Ten years ago the museum created a platform for two millennia of German-Jewish history and offered the opportunity for the voices silenced by the Nazi regime and the Holocaust, to be heard again.
Seven million visitors later, the museum is celebrating its tenth anniversary with exhibits and events to re-examine racial issues in the modern era.
“Heimatkunde; How German Is It? 30 Artists’ Notion of Home,“ the museum’s special exhibit, opens on Friday and promises to expand the questions of identity and belonging – often associated with the Jewish community – into a nation-wide exploration: What does it mean to be German?
“For me, this question has a lot to do with Jewish history,” said Cilly Kugelmann, programme director and deputy director of the Berlin Jewish Museum, at the launch.
Minorities are extremely sensitive for psychological and nationality-related subjects, which the exhibit aims to examine, she said.
Margret Kampmeyer-Käding, project manager of the special exhibit, said that while collecting works for the exhibit over the past ten years, the museum carefully selected artists with a Jewish background.
Nonetheless, the thirty artists with roots in 42 different countries were given free rein to approach the task as they saw fit.
“It’s our topic from different perspectives,” Kampmeyer-Käding said.
The resulting exhibition is a multi-sensory experience, where visitors can experience Heimat or homeland in sight, smell, touch and sound.
From live plants taken from various plots around Berlin to three-dimensional portrayals of living rooms to a dirndl that transforms into a prayer rug, the exhibit immerses visitors in its unconventional and seemingly chaotic collection of materials connected to the concept.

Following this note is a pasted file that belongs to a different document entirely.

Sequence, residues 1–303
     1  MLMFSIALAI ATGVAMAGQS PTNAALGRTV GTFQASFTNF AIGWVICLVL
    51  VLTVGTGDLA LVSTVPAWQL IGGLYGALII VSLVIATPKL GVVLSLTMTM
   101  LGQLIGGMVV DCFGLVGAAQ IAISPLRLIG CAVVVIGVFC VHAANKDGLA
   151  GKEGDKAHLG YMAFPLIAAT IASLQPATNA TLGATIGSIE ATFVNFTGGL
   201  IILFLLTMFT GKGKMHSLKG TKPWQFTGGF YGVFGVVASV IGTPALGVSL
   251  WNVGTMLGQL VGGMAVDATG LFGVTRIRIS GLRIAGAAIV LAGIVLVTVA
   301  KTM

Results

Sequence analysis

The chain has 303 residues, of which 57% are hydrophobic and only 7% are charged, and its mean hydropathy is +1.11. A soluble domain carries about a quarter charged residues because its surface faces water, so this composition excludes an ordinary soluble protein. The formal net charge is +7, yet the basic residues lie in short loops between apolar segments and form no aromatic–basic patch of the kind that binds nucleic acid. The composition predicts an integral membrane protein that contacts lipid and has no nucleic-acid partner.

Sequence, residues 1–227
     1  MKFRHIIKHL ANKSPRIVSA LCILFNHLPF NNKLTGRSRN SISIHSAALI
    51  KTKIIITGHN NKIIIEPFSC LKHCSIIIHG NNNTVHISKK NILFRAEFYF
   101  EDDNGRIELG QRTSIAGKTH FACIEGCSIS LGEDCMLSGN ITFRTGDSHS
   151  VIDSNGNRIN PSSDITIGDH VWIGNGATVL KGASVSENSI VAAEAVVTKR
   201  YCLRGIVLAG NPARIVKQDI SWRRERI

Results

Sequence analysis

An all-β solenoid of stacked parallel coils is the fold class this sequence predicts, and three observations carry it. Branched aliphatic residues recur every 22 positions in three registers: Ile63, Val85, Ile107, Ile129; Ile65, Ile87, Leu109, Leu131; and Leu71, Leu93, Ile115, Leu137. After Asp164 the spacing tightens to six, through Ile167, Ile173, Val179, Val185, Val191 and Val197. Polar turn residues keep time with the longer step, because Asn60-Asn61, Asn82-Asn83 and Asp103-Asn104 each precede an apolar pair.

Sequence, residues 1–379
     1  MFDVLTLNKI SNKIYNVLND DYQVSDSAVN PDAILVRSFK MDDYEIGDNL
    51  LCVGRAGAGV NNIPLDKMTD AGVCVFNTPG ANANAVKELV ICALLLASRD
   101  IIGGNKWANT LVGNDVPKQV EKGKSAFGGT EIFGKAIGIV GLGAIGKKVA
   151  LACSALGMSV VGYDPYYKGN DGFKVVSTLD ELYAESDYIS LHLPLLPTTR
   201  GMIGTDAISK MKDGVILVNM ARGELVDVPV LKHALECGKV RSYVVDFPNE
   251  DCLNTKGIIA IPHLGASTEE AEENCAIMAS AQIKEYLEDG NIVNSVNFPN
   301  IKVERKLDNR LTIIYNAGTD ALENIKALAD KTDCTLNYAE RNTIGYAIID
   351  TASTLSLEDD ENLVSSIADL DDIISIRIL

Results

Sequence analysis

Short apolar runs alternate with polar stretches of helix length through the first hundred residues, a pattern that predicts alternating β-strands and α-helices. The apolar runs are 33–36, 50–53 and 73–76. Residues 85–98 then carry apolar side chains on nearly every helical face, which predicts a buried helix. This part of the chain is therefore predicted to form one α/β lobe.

Despite its diversity, the exhibit was, however, painstakingly planned, the directors said.
Kampmeyer-Käding said the architects responsible for the exhibit’s space took inspiration from architect Daniel Libeskind’s zig-zag museum design.
Changing floor angles and slanted walls should force visitors to constantly re-evaluate the art from a different perspective, she said.
The thirty-artist exhibit, which runs until January 29, 2012, is only one highlight of the museum’s ten year anniversary offerings.
A festival week will kick off on October 24 with a gala concert by the Berlin Staatskapelle orchestra conducted by Daniel Barenboim.
Other planned events include a literary excursion through Berlin with an introduction by Libeskind, a symposium exploring the relationship between Jews, Turks and other Germans and an afternoon birthday party for the museum open to the public.